Now, it’s possible that Yandle could be excited about the direction of the team, even if said team might prefer that he was playing elsewhere. Still, it’s an amusing note amid a fairly typical round of optimistic quotes.

(Yandle does make some solid points about why 2017-18 could be better, by the way.)

Willie Desjardins to coach Team Canada at Olympics

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The past two Winter Olympics, Team Canada has been coached to gold by Mike Babcock, currently the NHL’s highest-paid bench boss.

But the 2018 Olympics in South Korea will be a very different animal. The NHL is not sending its players this time. When the Games are on, Babcock will be busy with his Toronto Maple Leafs.

So, today, Hockey Canada announced that Willie Desjardins, recently fired by the Vancouver Canucks, will be the head coach of the two-time defending gold medalists. Desjardins will be assisted by former Team Canada head coach Dave King, as well as Scott Walker and Craig Woodcroft.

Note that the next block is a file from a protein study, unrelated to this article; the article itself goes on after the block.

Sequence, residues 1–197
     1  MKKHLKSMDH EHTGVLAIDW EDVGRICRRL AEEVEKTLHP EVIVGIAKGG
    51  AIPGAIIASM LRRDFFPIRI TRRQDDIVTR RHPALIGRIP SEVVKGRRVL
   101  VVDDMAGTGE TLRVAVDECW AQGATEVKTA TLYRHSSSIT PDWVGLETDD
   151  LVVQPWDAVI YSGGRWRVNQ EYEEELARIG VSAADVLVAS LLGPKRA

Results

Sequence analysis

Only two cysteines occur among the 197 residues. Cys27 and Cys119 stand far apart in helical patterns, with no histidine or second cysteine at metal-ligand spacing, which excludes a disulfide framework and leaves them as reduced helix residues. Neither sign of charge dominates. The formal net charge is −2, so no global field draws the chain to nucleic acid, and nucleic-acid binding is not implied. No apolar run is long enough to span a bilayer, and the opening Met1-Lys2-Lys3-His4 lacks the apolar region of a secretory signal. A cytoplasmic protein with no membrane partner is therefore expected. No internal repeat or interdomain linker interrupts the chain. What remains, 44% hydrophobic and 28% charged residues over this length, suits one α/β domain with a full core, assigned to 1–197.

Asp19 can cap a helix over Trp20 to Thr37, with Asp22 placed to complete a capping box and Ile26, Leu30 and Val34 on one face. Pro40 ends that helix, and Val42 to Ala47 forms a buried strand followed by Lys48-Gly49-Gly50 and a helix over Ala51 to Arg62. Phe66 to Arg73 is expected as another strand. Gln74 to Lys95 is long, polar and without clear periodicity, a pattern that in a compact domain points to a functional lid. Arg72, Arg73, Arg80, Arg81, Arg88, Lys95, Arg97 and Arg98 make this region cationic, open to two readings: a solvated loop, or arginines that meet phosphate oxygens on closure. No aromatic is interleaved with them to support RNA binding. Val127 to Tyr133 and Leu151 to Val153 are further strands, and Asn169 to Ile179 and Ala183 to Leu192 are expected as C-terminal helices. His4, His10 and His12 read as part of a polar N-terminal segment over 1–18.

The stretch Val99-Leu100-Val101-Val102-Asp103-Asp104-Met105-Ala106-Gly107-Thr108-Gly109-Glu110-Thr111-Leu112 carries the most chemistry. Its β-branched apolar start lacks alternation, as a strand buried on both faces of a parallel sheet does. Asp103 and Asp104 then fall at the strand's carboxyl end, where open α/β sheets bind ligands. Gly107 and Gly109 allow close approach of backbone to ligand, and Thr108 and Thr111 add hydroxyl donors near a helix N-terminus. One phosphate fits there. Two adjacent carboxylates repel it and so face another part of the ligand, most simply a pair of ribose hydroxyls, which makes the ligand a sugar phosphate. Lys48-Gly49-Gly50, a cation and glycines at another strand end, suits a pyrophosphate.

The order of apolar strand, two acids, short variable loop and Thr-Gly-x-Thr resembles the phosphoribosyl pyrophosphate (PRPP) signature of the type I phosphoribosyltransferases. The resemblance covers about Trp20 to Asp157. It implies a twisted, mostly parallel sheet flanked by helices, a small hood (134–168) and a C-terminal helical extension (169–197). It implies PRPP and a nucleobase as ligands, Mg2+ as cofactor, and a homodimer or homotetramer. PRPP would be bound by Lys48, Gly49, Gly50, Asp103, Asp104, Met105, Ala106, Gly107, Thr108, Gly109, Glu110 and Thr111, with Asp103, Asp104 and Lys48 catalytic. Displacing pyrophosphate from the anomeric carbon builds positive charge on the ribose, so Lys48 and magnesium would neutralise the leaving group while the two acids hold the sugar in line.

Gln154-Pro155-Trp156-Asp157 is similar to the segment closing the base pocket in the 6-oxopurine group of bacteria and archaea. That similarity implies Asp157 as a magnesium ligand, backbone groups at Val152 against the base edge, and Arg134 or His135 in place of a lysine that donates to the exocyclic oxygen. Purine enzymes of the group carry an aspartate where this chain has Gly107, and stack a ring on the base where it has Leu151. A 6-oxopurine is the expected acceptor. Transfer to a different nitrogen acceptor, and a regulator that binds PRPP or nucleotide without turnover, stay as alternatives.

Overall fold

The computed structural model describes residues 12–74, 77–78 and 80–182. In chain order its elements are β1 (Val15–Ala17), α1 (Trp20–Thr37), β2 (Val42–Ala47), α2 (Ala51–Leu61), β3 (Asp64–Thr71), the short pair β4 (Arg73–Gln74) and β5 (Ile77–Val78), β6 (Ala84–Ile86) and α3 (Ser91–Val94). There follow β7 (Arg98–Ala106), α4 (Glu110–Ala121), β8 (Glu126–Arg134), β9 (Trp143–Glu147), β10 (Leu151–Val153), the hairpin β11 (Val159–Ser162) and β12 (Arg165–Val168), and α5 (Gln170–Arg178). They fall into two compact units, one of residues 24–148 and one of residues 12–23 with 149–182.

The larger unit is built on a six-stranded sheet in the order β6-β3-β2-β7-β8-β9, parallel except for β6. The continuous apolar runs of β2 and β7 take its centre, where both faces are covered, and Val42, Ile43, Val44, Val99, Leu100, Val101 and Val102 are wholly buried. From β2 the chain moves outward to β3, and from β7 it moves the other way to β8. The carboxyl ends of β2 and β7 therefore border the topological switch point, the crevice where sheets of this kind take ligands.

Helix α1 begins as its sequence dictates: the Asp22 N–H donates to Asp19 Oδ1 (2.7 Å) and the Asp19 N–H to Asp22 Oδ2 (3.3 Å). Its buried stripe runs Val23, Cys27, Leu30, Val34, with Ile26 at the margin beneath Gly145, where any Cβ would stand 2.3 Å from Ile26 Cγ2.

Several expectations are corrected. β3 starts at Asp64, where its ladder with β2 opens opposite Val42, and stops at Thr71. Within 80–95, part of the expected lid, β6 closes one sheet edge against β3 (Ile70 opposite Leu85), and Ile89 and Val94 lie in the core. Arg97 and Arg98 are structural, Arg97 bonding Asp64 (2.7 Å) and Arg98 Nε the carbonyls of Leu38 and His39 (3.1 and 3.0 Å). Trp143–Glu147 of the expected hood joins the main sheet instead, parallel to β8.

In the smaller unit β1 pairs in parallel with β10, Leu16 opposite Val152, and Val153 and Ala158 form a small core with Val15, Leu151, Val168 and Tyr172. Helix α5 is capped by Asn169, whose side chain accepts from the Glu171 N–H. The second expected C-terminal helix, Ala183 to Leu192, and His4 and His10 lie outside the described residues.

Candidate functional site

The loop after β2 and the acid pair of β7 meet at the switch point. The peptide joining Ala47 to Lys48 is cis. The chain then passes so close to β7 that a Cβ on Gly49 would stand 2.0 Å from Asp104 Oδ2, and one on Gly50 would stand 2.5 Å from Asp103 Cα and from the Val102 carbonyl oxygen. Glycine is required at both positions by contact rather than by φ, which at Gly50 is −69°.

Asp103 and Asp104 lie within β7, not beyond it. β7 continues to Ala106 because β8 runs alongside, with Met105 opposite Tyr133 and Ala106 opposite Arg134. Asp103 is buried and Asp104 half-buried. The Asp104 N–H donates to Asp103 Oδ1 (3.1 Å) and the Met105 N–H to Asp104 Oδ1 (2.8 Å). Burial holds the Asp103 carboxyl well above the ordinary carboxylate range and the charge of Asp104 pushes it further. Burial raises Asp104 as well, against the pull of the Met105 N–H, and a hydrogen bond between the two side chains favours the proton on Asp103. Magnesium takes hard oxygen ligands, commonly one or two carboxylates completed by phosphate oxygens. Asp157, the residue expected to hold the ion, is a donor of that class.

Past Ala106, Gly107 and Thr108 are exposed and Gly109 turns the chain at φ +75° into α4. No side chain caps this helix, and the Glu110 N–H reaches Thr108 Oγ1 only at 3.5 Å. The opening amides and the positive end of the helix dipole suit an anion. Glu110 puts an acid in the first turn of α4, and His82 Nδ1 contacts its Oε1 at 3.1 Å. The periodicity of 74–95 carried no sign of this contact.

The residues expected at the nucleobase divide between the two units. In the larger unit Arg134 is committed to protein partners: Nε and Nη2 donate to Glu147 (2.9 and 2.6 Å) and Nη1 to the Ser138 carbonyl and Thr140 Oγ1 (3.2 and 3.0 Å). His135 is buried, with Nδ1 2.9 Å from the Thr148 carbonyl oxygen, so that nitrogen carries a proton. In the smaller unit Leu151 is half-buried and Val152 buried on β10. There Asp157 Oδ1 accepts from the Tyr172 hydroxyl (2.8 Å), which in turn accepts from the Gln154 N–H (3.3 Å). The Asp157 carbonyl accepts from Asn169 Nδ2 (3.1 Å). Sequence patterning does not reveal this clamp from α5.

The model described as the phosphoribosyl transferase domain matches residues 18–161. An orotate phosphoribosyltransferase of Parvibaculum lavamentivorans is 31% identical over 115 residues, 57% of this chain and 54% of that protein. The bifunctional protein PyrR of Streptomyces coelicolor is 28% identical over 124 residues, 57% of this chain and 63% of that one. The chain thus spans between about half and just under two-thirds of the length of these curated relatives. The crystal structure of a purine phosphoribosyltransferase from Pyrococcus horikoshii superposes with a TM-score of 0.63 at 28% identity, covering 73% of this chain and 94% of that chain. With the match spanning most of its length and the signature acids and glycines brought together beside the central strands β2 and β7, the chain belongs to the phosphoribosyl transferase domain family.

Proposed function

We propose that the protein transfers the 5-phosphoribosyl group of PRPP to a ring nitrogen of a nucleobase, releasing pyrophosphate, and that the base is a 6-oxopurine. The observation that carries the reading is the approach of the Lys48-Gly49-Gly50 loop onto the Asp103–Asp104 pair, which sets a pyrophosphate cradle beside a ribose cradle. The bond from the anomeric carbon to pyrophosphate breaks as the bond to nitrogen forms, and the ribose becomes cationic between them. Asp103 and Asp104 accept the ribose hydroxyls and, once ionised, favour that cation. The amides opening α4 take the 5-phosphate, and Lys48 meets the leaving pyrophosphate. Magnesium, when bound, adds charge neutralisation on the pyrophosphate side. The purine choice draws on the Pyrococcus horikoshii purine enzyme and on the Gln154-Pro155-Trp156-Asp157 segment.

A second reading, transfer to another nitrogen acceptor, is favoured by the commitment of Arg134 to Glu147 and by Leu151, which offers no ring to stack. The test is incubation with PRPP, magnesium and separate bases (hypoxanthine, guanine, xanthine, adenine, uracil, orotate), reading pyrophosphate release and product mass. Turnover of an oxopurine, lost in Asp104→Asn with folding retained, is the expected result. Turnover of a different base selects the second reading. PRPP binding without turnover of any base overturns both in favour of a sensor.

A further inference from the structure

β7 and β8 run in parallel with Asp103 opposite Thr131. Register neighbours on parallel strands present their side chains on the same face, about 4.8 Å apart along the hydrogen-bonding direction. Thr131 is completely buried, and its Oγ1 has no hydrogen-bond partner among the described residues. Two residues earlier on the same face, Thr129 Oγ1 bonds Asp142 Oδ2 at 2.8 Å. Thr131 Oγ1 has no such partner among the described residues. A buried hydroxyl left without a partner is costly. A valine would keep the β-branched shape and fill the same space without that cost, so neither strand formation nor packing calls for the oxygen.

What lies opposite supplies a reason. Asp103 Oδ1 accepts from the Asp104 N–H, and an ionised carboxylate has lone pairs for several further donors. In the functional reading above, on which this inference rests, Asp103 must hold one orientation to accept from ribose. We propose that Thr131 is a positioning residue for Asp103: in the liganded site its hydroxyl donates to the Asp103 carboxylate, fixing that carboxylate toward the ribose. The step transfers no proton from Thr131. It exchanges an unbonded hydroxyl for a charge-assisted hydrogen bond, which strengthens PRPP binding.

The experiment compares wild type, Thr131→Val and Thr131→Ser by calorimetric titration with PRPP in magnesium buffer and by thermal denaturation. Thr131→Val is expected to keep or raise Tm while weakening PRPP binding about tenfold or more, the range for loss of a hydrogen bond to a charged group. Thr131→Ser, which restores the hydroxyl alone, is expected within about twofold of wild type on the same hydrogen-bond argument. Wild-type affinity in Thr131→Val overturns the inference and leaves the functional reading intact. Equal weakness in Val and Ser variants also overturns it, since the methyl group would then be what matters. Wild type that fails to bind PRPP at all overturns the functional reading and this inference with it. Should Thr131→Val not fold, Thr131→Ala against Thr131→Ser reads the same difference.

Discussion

Sean Burke, who rose to prominence as a goalie in the 1988 and 1992 Olympics — which didn’t feature NHLers, either — will be Canada’s general manager. Burke will be aided by Martin Brodeur.

“This is an exciting time for Hockey Canada and for our National Men’s Team program, and it will be an exciting season for Canadian hockey fans,” said Tom Renney, Hockey Canada’s CEO. “The goal is always to field the best possible team in all upcoming competitions, including this February when we hit the world’s biggest sporting stage in Pyeonchang. The faces on our Team Canada rosters may be different than in previous years, but the expectations will be the same; with the addition of Sean, Martin, Willie, Dave, Scott, and Craig, we have assembled some of the best hockey minds out there to help us meet those expectations of on-ice success.”

Today’s announcement is yet more evidence, if you still required it, that the NHL isn’t bluffing about not sending its players to South Korea.